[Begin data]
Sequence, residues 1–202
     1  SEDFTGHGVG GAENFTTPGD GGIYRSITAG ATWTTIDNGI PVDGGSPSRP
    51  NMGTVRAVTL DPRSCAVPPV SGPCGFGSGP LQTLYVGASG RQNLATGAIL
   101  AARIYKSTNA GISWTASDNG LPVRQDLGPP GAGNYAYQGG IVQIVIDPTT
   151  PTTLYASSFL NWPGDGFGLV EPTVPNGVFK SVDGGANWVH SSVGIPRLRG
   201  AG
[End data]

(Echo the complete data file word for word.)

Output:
Sequence, residues 1–202
     1  SEDFTGHGVG GAENFTTPGD GGIYRSITAG ATWTTIDNGI PVDGGSPSRP
    51  NMGTVRAVTL DPRSCAVPPV SGPCGFGSGP LQTLYVGASG RQNLATGAIL
   101  AARIYKSTNA GISWTASDNG LPVRQDLGPP GAGNYAYQGG IVQIVIDPTT
   151  PTTLYASSFL NWPGDGFGLV EPTVPNGVFK SVDGGANWVH SSVGIPRLRG
   201  AG